Right. So instead we looked at how the design could carry this off. And we plucked for a mid-century Americana/tiki-style theme where our little skeleton character – who needs a name, by the way – was trying to make their way to Eternal Paradise when their ship sank off the coast of Purgatory Island. As a frequent reminder of that theme and story, our character appears in numerous places around the board, trying to escape the various causes of death that are in the game.
Finally, then, Matt what’s the most interesting object on your desk?
Now there’s a question… I don’t actually have a permanent desk at Bubblegum Stuff since I’m a lowly freelancer. And at home, I work from my kitchen worktop. So if we’re using that as my desk, I’d have to say my AnySharp knife sharpener. It claims to be the world’s best knife sharpener. I haven’t used enough sharpeners to know if that’s true, but it does keep your knives pretty sharp.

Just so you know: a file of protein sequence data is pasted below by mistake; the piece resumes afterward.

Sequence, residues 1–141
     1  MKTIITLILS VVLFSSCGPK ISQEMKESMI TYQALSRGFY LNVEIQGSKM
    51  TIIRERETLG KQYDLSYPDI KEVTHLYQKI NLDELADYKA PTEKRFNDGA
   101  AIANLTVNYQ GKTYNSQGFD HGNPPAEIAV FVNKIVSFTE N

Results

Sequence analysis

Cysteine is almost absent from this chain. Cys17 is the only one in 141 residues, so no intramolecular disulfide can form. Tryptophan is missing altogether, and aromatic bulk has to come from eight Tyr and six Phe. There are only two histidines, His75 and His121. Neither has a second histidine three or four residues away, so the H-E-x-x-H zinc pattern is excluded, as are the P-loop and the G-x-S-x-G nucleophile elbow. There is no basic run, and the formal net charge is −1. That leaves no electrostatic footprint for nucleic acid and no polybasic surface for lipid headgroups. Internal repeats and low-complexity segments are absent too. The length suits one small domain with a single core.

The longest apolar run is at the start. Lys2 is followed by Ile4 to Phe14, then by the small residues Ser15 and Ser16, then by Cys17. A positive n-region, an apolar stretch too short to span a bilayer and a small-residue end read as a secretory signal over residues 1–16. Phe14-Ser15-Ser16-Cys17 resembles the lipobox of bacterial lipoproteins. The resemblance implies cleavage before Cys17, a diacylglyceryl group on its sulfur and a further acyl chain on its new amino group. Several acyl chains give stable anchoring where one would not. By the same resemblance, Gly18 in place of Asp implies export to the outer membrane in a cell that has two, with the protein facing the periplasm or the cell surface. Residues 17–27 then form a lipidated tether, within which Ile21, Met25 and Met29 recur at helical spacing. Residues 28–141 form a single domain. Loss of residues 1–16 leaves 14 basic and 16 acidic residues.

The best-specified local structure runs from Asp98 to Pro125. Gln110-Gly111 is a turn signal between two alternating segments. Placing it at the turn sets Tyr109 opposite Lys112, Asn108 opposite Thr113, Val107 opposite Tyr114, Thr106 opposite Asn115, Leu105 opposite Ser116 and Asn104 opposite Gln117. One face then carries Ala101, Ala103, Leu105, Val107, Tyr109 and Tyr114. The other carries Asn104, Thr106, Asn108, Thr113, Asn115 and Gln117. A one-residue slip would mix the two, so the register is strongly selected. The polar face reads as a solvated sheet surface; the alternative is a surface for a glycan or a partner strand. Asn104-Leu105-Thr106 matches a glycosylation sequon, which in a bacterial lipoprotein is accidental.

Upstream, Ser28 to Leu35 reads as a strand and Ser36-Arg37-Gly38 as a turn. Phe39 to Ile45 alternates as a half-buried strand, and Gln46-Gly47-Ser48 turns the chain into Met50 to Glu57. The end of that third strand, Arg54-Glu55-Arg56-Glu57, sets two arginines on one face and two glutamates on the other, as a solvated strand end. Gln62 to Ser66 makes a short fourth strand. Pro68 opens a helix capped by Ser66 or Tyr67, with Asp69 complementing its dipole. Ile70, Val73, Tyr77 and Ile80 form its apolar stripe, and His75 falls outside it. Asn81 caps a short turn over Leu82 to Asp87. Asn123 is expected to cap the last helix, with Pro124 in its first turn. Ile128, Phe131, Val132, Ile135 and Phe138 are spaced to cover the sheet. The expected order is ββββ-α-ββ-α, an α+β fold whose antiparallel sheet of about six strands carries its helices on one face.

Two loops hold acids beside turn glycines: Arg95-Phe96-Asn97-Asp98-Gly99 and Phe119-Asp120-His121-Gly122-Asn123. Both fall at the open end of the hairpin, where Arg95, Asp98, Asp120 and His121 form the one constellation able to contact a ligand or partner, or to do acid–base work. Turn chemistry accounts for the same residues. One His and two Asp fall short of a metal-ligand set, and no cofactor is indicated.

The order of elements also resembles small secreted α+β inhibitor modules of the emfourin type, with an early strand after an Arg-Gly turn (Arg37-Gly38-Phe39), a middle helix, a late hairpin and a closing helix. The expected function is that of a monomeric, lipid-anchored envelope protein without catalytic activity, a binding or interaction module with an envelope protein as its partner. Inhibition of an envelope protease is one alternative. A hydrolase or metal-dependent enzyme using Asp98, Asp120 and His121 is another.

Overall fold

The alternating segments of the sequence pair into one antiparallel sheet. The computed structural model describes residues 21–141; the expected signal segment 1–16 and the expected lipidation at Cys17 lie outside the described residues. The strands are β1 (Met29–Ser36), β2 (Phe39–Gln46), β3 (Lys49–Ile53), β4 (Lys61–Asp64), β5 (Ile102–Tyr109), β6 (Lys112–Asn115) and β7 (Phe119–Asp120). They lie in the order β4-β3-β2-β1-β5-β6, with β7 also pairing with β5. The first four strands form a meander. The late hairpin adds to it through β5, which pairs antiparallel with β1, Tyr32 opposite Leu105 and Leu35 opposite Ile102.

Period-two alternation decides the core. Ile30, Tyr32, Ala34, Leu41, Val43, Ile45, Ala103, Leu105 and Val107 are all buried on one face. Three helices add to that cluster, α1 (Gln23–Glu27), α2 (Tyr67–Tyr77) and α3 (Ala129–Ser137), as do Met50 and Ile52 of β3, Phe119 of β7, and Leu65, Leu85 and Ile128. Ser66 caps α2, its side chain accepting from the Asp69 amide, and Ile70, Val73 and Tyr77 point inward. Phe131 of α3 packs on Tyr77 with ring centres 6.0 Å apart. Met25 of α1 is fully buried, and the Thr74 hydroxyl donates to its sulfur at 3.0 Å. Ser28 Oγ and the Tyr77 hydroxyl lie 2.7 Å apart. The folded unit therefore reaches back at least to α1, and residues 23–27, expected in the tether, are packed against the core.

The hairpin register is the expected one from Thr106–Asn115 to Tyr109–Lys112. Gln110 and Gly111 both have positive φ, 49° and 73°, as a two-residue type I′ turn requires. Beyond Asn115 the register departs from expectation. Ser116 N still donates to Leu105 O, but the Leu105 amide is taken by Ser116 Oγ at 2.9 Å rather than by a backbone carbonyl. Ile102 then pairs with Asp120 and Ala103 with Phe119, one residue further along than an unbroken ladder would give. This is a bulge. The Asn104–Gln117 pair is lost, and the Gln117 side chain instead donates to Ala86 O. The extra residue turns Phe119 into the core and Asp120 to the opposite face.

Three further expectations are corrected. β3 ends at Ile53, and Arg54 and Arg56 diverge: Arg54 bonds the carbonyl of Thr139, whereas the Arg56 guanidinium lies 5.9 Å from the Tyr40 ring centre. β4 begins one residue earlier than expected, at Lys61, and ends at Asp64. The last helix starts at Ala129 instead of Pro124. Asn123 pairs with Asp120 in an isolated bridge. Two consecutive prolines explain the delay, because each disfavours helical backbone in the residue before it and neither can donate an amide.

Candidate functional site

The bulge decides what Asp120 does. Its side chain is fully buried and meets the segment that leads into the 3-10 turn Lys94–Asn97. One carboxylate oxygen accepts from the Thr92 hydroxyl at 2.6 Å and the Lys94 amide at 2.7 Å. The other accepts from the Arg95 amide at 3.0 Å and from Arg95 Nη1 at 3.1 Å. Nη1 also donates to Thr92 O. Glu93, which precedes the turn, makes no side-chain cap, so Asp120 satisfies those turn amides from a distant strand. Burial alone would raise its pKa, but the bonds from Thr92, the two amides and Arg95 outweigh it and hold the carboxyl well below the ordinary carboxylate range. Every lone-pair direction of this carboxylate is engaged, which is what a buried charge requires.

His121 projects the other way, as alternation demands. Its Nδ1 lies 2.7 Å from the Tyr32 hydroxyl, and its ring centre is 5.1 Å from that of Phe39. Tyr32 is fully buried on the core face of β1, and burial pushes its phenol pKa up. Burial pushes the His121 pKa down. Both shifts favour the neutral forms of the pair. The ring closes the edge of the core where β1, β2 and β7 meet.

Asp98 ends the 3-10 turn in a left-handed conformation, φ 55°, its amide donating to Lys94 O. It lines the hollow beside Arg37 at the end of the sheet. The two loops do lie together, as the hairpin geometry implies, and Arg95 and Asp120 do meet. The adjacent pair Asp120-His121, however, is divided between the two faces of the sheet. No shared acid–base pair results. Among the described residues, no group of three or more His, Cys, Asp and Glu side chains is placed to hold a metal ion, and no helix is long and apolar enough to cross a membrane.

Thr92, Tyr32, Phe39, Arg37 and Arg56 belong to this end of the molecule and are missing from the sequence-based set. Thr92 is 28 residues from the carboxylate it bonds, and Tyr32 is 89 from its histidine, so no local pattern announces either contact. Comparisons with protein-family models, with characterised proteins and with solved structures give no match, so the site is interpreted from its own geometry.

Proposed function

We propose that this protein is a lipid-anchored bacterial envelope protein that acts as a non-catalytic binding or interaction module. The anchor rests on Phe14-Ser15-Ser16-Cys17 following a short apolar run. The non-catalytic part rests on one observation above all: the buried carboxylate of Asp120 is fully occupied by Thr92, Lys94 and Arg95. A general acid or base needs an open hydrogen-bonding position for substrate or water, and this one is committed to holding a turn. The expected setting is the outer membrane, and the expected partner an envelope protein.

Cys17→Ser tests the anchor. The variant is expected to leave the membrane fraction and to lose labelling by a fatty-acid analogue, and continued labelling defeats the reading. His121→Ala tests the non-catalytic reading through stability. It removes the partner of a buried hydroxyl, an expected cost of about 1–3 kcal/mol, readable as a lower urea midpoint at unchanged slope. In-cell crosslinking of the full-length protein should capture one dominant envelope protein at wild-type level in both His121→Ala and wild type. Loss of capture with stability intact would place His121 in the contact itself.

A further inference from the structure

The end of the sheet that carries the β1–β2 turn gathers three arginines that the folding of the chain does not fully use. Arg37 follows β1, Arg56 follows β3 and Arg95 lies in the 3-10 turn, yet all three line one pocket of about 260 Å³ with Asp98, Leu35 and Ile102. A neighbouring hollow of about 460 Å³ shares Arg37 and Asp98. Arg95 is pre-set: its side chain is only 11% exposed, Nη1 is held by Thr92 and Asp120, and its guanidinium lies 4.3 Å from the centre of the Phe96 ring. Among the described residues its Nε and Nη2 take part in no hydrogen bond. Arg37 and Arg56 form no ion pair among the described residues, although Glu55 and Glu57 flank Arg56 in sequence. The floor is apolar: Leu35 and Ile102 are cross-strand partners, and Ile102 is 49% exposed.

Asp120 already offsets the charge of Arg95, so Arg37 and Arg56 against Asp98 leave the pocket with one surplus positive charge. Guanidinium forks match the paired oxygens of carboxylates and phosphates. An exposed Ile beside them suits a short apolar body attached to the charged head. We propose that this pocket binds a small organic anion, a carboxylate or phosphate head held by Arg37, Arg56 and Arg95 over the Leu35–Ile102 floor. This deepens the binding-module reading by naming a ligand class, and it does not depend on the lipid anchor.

You take knife sharpening pretty seriously, do you?
Ha! Well, I love to cook so keeping knives in good working order is important. Saying I love to cook is an indirect way of saying I love to eat. That’s more accurate. Cooking is fun, but it’s a means to an end. Love of food is what led me to Vietnam and Asia in general…
Really? That was the motivation?
Yes, and I think that’s got to be the top reason for travelling anywhere, really. I was in Margate recently scoping out the best fish and chips in town! It’s Peter’s, if you’re wondering. But I do love Asian food the most. I know that encompasses a huge geographical area that contains possibly the most diverse range of cuisines on the planet, but do I love just about every single one I’ve tried. So, I guess the knife sharpener on its own isn’t interesting. But what it represents is… To me, at least.
Well, it certainly is to me, Matt, so thank you! Good answer.